It’s a hurdle all of us face—and falter against—at some point. A new book now teaches us how to deal with difficult people at work. Working with the Enemy by strategy guru Mike Leibling shows us how to survive and thrive in really difficult situations, and tells us how to nip these in the bud long before they become “situations”. Edited excerpts:
Survival tip: Avoid uncomfortable language
If we use language that sounds like really hard work, it will probably feel like—you’ve guessed it!—really hard work. For example:
Working with the Enemy: By Mike Leibling, Kogan Page, 176 pages, Rs 195.
•I wish I could put them back in their box.
•I could kill them.
•I need to tackle them.
•I want to stop them getting to me.
•They’re getting under my skin.
•Get them off my back.
•Keep them away from me.
•Take the bull by the horns.
•Put them in their place.
It’s much easier to avoid this sort of language and feel more in control.
Survival tip: Brush them aside, put them behind you
Some people almost shrink or collapse when under attack (usually by taking it personally), whereas others just brush it aside. Here’s how they do it. When they have thoughts of how awful the situation is, how they hate this person etc., they literally wave their hand and wave aside the thoughts and the pictures in their mind’s eye to put them behind them—usually with their right hand over their left shoulder—often referred to as the “cold” shoulder, for obvious reasons.
And putting it behind them means putting these images and sounds into the past—because that’s where they literally belong. We don’t need to dwell on them any more.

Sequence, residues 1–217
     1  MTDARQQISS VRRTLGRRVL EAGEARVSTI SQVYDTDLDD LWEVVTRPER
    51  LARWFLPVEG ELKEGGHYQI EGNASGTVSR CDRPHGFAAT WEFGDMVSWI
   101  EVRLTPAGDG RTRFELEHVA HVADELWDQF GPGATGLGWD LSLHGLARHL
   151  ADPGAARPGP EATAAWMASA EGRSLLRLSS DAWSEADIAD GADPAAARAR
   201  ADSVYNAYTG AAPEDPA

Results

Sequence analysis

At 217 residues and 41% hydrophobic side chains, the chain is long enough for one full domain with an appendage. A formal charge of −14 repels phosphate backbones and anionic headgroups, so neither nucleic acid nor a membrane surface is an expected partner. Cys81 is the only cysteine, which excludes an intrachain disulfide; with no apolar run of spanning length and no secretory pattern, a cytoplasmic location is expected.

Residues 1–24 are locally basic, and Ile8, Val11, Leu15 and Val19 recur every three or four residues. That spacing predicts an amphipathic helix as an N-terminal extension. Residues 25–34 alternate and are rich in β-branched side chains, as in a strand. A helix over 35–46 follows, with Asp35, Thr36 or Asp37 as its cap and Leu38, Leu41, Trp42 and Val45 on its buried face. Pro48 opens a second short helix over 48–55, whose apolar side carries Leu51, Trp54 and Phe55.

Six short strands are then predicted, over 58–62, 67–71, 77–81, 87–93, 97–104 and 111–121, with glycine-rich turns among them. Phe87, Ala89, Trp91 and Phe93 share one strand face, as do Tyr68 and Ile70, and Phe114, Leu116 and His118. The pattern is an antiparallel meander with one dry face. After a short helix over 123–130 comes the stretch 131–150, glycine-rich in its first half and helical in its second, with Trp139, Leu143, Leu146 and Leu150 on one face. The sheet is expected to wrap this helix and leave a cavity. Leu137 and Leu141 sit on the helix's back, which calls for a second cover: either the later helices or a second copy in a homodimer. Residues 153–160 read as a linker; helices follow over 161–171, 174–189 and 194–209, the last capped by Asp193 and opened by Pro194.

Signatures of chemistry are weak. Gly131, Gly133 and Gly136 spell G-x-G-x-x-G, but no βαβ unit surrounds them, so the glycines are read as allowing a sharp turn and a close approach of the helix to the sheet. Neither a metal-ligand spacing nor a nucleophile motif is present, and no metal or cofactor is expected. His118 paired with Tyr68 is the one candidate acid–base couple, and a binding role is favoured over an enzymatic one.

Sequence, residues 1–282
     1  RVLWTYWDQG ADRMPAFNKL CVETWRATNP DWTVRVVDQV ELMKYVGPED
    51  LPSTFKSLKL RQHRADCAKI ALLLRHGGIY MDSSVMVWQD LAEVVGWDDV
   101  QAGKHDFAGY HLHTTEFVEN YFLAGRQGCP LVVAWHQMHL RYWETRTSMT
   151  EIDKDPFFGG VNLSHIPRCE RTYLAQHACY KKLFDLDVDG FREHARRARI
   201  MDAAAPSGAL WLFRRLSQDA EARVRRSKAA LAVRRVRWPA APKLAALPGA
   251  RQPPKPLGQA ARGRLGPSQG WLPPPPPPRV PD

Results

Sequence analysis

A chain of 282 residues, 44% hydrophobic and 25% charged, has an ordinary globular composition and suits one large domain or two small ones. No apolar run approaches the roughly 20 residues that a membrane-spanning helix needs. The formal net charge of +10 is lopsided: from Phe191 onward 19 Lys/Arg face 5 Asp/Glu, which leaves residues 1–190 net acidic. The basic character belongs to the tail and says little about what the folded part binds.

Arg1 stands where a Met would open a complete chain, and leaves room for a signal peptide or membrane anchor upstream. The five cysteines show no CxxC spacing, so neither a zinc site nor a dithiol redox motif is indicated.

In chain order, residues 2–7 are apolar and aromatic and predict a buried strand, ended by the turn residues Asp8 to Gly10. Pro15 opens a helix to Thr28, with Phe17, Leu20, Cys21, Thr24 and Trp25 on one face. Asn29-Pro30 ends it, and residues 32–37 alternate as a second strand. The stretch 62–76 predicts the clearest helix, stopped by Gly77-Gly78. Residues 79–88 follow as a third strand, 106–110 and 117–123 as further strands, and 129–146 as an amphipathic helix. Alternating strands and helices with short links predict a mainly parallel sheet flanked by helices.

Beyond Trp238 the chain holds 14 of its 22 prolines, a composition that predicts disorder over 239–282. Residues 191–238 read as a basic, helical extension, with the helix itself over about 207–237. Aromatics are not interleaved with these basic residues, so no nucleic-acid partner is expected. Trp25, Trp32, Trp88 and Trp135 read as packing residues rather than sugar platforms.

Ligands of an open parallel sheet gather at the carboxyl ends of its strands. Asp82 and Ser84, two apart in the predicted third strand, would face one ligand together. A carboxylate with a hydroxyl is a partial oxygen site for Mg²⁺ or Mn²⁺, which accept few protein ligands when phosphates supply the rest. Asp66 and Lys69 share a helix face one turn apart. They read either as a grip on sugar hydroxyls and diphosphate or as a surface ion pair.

Survival tip: Stop imagining the worst, by generating choices
Do you have a very vivid imagination when it comes to imagining the worst? Can you not see anything positive in the future for yourself because “the worst” you’re imagining is blocking your view? If you’re blessed with a vivid imagination like this, here’s how to manage it:
•Shrink your fears down to an empty picture frame in your mind’s eye, making it black and white and silent as you do it, and freezing it still like a photo. Move it to the left. (Bad images should normally be kept way over to your left, or behind your left shoulder.)
•If you think that’s the worst-case scenario, imagine what could be even worse! And put that into a second frame, and move it to the left next to the first one.
•In frame three put whatever you would love the outcome to be and—as with any pleasant pictures—move it to your right.
•And in frame four put another favourable scenario that a favourite aunt or uncle might suggest for you, and again move it to your right.
Continue filling up your picture frames until you start feeling a bit better about your options, because you’re generating choices for yourself, and the “worst-case scenario” need no longer be your only choice. Remember, at present, all you need to do is feel better about the situation, not to fix it.
Survival tip: Stop thinking of them as an ‘enemy’ and they’ll stop feeling like one
Thinking of someone as the “enemy” might seem like a harmless piece of fun to try and lighten the situation, but consider what it truly does, and how potent it is:
•It pigeonholes a human being as 100% hostile, and even if that’s how it’s come to feel, it’s specific aspects of their behaviour that have struck us as negative
•It conjures up imagery of unpleasant situations, which in turn reignites uncomfortable feelings from the past
•There’s a finality about the description that can make it feel as though we have to change the whole person (and how likely is that?), whereas we only need to change these aspects of their behaviour.
We need to find another way of “labelling” them that feels accurate but neutral (eg, just their name), but maybe adding under our breath something like “who upset me in the past but I’m going to deal with them on a professional level”, which, although horribly long, can make us feel a lot better than “the enemy” did.
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